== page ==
The student news site of Guilford College

The Guilfordian

The student news site of Guilford College

The Guilfordian

The student news site of Guilford College

The Guilfordian

Catcalls and street harassment are not compliments

Catcalls, sexually explicit comments, sexist remarks, homophobic slurs, groping, leering, stalking, flashing and assault are all considered forms of street harassment, according to the Stop Street Harassment Organization.

For most women, and some men, receiving unwanted attention from the opposite sex is just another normal part of their daily lives. Whether it is walking down the block, taking a jog around the neighborhood or going out with friends, at times it feels impossible to go a day without unwarranted once-overs or comments.

Acceptance, or overlooking, of catcalls and other forms of street harassment perpetuate male rights of instilling their opinion of female existence throughout their lives.

“It is a way men attempt to reassert the hierarchy of worth by sexually subjugating women and LGBTQ (people) for daring to exist in neutral space,” said feminist writer and blogger Allison Moon in an interview with the Guilfordian.

“Catcalling is usually considered a verbal attwack, one which often escalates into physical attack.”

Acts of street harassment create an uncomfortable environment for women in public spaces. But how can you tell when a situation will lead to extreme risk rather than something you can brush off and walk away from?

“Allowing for it to bother you is giving them the power to control you,” said senior Rebecca Bonilla. “In most cases, in the moment, I ignore (the harasser). But I do not forget to acknowledge the issue in my mind, being sure to remember that (street harassment) can lead to dangerous results.

“(Some women) may want to stick up for themselves, but I feel that by doing so, you are giving them the upper hand.”

This issue is prevalent in most highly occupied public spaces in the U.S., but it is also a prominent issue here in Greensboro. I know that I myself have experienced many instances of harassment outside of campus. Whether it is blatant assault or an unnecessary comment on the street, I experience these instances almost every day.

“People act like it’s an innocent thing, and it’s not,” said senior Chelsea Yarborough. “I was walking to CVS (when) a random man and I bumped into each other by mistake. I said, ‘Excuse me,’ and he said, ‘wait.’

“I ignored it and went to get my prescription. After I came out, I was walking back to campus, and he followed me down the road in his car to ask me on a date. It was scary.”

Although some may say, “Wow what a romantic gesture,” instances such as these cloud whether or not one should be defensive in these situations. At any moment you could be one false move away from peril.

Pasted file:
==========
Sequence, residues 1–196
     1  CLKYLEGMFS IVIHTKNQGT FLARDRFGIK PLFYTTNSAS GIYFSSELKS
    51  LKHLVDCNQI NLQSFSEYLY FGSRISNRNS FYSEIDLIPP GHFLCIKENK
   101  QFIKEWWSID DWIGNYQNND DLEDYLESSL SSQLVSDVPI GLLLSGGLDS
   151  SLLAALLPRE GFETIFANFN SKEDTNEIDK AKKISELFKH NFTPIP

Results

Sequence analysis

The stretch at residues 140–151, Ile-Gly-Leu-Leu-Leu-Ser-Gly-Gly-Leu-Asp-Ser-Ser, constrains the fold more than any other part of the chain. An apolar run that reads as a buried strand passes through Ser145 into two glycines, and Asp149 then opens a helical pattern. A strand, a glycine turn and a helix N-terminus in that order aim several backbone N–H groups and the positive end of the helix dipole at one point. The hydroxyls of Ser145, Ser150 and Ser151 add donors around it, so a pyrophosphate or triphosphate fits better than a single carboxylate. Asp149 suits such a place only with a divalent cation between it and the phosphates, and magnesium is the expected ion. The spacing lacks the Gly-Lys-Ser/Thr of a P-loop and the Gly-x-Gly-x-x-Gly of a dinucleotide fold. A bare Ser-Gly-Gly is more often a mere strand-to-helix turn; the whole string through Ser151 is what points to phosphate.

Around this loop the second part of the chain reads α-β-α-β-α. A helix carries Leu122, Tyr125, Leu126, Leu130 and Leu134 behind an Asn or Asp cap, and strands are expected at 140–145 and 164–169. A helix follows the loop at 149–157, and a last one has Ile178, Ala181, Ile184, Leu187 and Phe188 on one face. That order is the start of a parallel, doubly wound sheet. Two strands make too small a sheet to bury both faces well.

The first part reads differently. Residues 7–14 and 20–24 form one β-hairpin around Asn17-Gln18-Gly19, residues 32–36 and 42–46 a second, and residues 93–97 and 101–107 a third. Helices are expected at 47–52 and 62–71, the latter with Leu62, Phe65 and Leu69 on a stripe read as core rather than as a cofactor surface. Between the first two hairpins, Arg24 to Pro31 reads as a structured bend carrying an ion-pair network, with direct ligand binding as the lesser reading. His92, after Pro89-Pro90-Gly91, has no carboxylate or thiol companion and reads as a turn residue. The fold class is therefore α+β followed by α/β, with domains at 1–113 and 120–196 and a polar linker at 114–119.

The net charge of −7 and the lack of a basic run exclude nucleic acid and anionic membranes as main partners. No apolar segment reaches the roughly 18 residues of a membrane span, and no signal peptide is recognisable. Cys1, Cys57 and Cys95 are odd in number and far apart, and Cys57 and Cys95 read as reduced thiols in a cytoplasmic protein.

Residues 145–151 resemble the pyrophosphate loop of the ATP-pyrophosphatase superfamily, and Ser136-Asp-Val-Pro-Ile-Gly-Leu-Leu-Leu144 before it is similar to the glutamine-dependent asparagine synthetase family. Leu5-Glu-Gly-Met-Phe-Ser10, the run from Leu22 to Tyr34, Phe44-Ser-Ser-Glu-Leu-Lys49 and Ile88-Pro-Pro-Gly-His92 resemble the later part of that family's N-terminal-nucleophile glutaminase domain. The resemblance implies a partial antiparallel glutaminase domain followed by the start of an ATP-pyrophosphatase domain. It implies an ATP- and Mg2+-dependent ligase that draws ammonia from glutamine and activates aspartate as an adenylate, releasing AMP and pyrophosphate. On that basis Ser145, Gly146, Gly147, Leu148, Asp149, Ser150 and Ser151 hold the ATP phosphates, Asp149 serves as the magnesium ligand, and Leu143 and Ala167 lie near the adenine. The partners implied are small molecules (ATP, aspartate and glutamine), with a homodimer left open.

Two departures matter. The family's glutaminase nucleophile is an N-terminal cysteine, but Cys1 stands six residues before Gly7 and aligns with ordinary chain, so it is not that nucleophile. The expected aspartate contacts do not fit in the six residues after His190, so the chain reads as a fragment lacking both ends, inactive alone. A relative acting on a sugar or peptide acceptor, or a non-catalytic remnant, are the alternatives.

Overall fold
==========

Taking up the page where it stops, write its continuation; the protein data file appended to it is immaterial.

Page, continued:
“Another time, I was walking near campus, and a car full of men slowed down near me and started barking at me for no reason,” said Yarborough. “They eventually pulled off, but it was just weird.”

It can be difficult to gauge when a situation is going to turn dangerous. Once you realize it is, and calculate a defense, it may be too late.

“I think it depends on the disposition of the person,” said senior Benjamin Matlack. “Most of the time, I feel that it is taken as an insult or act of objectifying women.”

Although catcalls, looks and other unnecesary attention from strangers are far more widely disputed than sought after by women, some feel flattered.

“When I know I’m looking good, I brazenly walk past a construction site, anticipating that whistle and ‘Hey, mama!’ catcall,” said Doree Lewak, in her article “Hey, ladies — catcalls are flattering! Deal with it.” “Works every time — my ego and I can’t fit through the door. For me, it’s nothing short of exhilarating, yielding an unmatched level of euphoria.”

For this woman, catcalls and other comments from random strangers are welcomed. But there is surely a difference between a genuine compliment, a polite, “Hello, how are you?” and a blatant, or rude, remark made based off of appearance alone. However, this gender-based form of flattery only preserves male dominance and gender role stereotypes.

“The daily fact of street harassment places spatial restrictions on women’s lives that change the time, frequency and length of forays into public space, leading to a gender-based exclusion from shared space and civic life,” said Woodrow Wilson School of Public and International Affairs student Jarrah O’Neill in her senior thesis.

“Too often, this barrier to gender equality is dismissed as a mundane fact of women’s lives, an unfortunate reality that is both too trivial to be addressed and impossible to prevent.”

Although catcalling may not be considered a severe form of harassment, it can be more damaging than you think.

“Catcalling affects everyone differently and differently based on the day,” said Moon. “A person who’s been harassed may just feel a twinge of pain and brush it off, or they may be deeply triggered and have to adjust their entire routine. Most people can take genuine, respectful compliments kindly.

“Ignoring or sassing aren’t responses to compliments, they’re responses to disrespect and abuse.”

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